The nationwide experiment will initially include around 100,000 volunteers.
The material is durable, flexible, and can serve as a scaffold for cell growth, a study shows.
August 9, 2017|
ADAM JAKUS/NORTHWESTERN UNIVERSITYAn accidental spill in the lab has led to the development of bioactive “tissue papers” that could act as a scaffold to grow cells and repair wounds. Described August 7 in Advanced Functional Materials, the cellular scaffolds are the first of their kind to be organ-specific, and researchers have made six different kinds.
Materials engineer Adam Jakus, a postdoc at Northwestern University, discovered the scaffolds after spilling a 3-D printable ovary ink, which is made of decellularized ovarian tissue. He’d previously developed similar materials to repair and regenerate bone, muscle, and nerve tissue. “I knew the spill would be easier to clean up if I let the ink dry,” he tells The Scientist in a phone interview. When Jakus went to wipe up the dried ink, he found it had spread and hardened into a thin, pliable, yet durable sheet.
Having worked in the past with surgeons on biomaterials, Jakus thought the flexibility and stability of the “tissue paper” had the potential to be used in surgeries, wound healing and possibly cell growth. He decided to try to make the paper out of other organs.
Jakus chopped cow and pig organs into little pieces, then washed them with a detergent to dissolve all of the cells, leaving behind structural proteins, such a collagens and elastins, along with bioactive agents, such as growth factors. The material looks like translucent jelly, which Jakus and colleagues then freeze-dried and ground into a powder. Mixing the powder with a polymer allowed the team to create thin, flexible sheets.
Making the sheets, called extracellular matrices, isn’t new, but making them organ-specific is. Past studies have tried, but doing so is challenging because the sheets weren’t strong enough to be bent, cut, or folded without losing their utility, or they didn’t have a lot of organ-specific material, or the method wasn’t reproducible, Yale School of Medicine bioengineer and postdoc Yifan Yuan tells The Scientist in an email. He was not involved in the new study but says the team’s “relatively simple technique,” which generates sheets composed of 35 percent biocompatible polymer PLGA with 65 percent organ-specific extracellular matrix, could be used in drug screening and disease modeling.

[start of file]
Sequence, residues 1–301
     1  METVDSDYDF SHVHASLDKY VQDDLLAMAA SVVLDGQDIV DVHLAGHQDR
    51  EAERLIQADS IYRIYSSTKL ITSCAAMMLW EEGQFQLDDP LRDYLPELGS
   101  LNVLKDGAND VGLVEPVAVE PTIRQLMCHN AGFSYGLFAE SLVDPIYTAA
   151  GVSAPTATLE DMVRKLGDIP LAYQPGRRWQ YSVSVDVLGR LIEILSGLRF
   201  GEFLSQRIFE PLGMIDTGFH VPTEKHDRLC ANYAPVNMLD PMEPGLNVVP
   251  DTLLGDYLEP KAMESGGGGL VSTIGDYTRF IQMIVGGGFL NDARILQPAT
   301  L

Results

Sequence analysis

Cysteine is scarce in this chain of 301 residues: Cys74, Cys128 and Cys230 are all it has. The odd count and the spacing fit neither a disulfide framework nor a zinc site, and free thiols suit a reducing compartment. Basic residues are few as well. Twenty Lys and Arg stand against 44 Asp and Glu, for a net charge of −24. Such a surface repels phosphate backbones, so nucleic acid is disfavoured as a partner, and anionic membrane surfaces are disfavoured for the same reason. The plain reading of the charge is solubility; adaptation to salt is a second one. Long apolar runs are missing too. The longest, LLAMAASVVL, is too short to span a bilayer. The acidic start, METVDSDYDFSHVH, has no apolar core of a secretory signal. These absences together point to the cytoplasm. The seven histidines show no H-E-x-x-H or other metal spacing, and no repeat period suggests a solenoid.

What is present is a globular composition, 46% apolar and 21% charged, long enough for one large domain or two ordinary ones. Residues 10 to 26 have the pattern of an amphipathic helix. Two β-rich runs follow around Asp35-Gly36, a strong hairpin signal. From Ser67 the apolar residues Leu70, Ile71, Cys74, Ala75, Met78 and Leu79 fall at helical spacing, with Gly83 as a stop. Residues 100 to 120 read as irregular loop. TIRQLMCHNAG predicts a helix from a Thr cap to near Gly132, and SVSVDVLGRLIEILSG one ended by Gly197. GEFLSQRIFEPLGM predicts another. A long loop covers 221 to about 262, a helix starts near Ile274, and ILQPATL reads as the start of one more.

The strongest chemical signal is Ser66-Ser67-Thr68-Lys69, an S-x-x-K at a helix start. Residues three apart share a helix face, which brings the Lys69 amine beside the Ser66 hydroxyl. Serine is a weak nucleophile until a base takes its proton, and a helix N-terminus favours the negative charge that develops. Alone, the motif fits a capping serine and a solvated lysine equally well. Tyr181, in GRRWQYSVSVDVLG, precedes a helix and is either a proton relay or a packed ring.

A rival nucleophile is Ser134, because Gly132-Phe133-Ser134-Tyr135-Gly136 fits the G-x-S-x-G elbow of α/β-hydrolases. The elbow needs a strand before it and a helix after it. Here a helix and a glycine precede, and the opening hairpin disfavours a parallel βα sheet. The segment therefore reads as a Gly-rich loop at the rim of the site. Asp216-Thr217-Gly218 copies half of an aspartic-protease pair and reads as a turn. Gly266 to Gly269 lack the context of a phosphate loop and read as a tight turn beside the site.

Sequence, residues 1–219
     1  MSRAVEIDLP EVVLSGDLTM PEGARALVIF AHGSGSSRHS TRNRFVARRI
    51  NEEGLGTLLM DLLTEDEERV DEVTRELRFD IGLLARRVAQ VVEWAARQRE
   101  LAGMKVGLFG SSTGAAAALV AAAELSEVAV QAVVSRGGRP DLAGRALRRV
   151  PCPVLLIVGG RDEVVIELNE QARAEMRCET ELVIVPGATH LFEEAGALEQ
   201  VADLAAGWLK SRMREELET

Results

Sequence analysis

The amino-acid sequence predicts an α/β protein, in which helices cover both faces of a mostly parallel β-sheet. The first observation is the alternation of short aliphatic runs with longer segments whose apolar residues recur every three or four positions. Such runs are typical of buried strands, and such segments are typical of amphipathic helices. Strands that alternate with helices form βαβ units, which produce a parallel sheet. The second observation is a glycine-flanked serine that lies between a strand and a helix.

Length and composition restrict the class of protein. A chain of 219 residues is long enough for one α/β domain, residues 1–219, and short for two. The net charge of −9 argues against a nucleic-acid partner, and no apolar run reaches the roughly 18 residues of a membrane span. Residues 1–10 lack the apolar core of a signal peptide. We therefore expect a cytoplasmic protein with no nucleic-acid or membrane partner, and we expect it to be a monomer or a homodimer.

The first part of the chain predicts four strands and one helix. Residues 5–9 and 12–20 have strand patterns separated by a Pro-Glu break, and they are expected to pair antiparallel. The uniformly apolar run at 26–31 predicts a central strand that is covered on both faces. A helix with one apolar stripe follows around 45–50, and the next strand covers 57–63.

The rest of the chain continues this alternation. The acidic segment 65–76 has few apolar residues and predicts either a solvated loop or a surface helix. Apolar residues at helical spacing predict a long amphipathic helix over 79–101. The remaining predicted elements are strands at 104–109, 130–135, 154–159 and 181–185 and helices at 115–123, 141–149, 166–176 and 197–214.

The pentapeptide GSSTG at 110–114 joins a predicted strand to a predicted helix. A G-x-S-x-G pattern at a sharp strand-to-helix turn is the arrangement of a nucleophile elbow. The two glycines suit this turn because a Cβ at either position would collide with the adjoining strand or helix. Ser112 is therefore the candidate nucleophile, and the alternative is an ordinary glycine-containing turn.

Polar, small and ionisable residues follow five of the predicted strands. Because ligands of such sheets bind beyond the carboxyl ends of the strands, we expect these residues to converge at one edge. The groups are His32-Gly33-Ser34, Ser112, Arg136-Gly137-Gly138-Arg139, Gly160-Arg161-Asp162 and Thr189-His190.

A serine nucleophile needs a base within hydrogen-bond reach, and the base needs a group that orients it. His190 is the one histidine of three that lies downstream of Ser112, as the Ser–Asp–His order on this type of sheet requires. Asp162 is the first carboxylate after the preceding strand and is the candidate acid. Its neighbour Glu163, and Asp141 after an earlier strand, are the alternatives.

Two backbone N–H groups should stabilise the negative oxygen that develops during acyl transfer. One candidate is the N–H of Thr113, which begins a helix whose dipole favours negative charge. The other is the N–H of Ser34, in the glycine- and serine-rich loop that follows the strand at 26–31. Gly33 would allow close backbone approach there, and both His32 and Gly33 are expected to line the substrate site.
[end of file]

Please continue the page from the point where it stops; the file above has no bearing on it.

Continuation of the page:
Making the sheets, called extracellular matrices, isn’t new, but making them organ-specific is.
To test if the tissue papers could provide a scaffold for cells, Jakus and his colleagues seeded the sheets with human adult stem cells and showed the scaffolds could support the growth and proliferation of the cells over four weeks. Yuan says it would interesting to see how the cells’ phenotype changes after long-term culture on the tissue papers.
Jakus and colleagues also tested the ovarian tissue paper to see if it could allow ovarian follicles to grow. These tissue are vulnerable to chemotherapy and radiation, but preserving ovarian follicles is challenging because it has been hard to find a material to put the follicles on that will support their growth. The sheets keep them alive and seemingly healthy for several weeks, the team found.
“The results are pretty convincing,” tissue engineer Stephen Badylak of the University of Pittsburg tells The Scientist. The development of organ-specific sheets shows an appreciation for the biology that goes on within these extracellular matrices. There’s cell signaling and other processes that are hard to replicate in matrices built from synthetic materials, he says.
Badylak notes that one surprising feature of the technique used to generate the tissue paper is the extent of decellularization. It’s significant compared to other techniques to make extracellular matrices, and it’s about the same amount of decellularization for all the different organs, he says. Such a loss of cellular organization, along with the composition of the tissue papers, is something that will have to be tested in animals to see if the body can tolerate it, Badylak says. Still, he says, the innovativeness and versatility of the tissue papers is impressive, and he encourages the researchers to continue to explore their utility.
Jakus has started a company, Dimension Inx, with his advisor Ramille Shah to continue development of the tissue papers.